Friday, Apr. 08, 2011

The Spanish Inquisition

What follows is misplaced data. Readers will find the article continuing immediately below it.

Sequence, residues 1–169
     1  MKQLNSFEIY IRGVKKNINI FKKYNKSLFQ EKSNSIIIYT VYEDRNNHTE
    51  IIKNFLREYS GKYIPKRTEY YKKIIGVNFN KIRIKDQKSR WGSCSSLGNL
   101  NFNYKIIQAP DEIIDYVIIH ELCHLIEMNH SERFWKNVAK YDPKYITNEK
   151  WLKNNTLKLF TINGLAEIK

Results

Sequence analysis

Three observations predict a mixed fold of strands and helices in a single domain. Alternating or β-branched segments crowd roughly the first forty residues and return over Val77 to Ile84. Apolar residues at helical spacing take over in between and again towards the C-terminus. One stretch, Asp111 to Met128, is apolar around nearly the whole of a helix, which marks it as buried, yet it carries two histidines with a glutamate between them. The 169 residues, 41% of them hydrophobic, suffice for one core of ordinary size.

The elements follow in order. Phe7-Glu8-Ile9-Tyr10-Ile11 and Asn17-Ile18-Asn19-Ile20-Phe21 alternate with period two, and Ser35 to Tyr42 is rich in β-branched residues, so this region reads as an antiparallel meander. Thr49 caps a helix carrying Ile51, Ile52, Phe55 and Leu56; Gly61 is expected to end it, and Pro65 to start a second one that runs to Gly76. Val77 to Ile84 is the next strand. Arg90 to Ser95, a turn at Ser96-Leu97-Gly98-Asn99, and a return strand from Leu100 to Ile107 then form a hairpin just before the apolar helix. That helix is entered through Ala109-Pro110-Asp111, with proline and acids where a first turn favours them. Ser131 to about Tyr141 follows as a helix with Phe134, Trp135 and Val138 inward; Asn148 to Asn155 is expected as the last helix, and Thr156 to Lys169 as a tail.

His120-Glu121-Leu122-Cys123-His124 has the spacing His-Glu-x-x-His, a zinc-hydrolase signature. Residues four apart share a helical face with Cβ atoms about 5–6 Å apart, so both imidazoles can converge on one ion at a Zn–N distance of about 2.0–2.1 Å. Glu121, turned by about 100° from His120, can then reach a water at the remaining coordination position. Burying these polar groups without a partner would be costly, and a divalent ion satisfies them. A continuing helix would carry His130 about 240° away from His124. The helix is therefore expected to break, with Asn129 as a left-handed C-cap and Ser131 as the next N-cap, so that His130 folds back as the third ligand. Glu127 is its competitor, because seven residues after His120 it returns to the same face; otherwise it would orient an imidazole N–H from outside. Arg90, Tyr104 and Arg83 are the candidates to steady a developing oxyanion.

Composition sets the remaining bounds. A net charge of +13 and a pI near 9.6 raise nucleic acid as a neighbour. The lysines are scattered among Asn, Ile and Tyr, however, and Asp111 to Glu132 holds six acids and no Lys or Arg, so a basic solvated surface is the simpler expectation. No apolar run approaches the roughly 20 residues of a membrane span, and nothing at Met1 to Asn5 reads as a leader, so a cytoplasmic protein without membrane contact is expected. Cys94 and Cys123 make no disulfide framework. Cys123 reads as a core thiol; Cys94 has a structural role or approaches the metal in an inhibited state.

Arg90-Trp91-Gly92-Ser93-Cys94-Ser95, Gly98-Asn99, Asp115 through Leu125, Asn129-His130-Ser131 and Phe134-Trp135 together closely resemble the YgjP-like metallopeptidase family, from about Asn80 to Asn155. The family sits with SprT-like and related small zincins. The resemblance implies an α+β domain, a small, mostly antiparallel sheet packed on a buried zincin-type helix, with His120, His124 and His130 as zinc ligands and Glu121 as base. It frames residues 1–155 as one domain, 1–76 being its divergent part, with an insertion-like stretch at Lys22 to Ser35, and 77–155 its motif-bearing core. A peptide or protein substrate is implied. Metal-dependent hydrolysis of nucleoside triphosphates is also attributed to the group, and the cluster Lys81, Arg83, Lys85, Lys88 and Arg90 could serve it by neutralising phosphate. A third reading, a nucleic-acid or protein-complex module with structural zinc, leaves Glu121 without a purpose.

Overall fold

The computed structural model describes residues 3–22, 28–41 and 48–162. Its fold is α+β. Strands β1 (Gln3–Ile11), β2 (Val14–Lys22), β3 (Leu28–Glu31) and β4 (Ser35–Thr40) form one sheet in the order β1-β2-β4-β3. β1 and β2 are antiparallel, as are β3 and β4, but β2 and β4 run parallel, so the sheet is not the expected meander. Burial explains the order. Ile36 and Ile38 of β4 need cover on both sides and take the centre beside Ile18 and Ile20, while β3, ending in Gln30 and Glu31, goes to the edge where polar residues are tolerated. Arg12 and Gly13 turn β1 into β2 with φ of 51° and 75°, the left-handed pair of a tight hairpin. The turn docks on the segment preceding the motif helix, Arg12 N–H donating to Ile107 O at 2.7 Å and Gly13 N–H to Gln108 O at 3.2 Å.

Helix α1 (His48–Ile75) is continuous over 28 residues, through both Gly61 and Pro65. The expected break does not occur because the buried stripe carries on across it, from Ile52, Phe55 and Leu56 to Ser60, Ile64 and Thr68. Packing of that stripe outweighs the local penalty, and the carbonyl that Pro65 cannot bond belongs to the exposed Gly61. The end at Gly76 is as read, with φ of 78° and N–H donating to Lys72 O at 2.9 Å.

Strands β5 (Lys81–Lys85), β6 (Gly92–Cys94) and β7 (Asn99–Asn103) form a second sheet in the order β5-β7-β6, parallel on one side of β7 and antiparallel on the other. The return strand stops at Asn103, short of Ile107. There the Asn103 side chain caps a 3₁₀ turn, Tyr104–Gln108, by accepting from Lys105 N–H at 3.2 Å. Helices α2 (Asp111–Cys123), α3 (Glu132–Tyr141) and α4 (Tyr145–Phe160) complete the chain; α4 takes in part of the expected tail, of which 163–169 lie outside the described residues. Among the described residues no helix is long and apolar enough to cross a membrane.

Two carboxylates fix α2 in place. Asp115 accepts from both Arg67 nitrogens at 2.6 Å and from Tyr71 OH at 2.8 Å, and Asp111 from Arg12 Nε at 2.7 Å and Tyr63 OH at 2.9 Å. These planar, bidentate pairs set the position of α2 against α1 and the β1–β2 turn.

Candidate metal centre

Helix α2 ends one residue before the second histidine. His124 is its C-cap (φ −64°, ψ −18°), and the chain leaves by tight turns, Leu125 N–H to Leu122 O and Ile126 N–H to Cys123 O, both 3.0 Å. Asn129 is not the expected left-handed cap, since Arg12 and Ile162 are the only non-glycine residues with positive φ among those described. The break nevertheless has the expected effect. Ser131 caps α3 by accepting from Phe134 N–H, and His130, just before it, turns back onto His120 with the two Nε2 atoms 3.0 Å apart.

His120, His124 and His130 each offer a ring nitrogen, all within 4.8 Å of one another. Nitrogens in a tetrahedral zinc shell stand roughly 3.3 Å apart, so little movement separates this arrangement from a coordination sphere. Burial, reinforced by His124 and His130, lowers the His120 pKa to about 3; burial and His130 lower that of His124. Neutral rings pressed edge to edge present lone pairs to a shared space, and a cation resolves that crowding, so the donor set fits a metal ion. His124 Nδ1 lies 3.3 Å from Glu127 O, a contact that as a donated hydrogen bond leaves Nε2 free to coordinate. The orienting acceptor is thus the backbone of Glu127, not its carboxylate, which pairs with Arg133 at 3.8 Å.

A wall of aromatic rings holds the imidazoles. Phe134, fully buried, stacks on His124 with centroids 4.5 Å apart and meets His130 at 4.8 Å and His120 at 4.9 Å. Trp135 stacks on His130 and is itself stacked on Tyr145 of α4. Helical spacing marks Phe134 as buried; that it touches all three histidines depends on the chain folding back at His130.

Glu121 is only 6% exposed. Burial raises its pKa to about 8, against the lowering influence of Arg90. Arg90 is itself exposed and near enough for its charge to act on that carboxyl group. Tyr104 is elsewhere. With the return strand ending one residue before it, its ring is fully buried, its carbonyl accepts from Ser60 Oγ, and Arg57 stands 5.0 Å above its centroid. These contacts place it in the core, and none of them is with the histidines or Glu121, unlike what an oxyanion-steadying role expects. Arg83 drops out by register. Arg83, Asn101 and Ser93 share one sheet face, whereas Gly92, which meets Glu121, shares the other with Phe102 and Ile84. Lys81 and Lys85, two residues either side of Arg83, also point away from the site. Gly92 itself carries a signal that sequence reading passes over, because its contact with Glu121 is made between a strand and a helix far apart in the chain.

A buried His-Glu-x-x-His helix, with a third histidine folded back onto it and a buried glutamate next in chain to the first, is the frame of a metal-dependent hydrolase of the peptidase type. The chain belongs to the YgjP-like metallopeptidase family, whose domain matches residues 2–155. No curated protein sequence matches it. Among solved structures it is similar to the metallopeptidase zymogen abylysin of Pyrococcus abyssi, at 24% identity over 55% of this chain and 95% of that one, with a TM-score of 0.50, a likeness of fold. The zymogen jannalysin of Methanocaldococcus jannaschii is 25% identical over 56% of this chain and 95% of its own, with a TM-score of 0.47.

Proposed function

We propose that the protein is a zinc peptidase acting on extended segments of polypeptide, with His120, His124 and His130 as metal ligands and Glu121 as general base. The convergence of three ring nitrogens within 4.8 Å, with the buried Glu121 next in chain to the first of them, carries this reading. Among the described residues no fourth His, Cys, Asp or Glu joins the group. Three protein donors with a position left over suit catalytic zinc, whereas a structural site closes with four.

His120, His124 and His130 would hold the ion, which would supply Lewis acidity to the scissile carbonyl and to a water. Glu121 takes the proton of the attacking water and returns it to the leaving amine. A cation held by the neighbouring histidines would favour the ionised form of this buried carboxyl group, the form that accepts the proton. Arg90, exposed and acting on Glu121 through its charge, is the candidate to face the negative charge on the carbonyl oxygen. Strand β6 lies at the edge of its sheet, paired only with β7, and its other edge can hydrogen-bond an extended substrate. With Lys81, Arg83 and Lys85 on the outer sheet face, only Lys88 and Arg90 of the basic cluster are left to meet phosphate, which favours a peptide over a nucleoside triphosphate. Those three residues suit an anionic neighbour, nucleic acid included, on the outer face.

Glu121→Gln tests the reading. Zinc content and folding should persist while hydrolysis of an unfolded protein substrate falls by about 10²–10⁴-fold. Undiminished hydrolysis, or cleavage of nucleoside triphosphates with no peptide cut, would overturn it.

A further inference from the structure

For centuries under Muslim rule, the Iberian peninsula was a melting pot of faiths and cultures, known for its enlightenment and tolerance. But that would definitively change as a reinvigorated Spanish monarchy launched the Reconquista. With only a few Muslim redoubts remaining, the Supreme Council of the Inquisition, or the Suprema, was created in 1483 to further the restoration of Catholic orthodoxy in Spain. Chief among those brought to trial were conversos (Jews and Muslims who had abandoned their faiths for Christianity) whose adherence to their new religion seemed suspect. During the proceedings, people accused of heresy were often tried without counsel, were tortured and thousands were sentenced to death. The Inquisition also made its way to the Americas and was only officially brought to an end in the 19th century.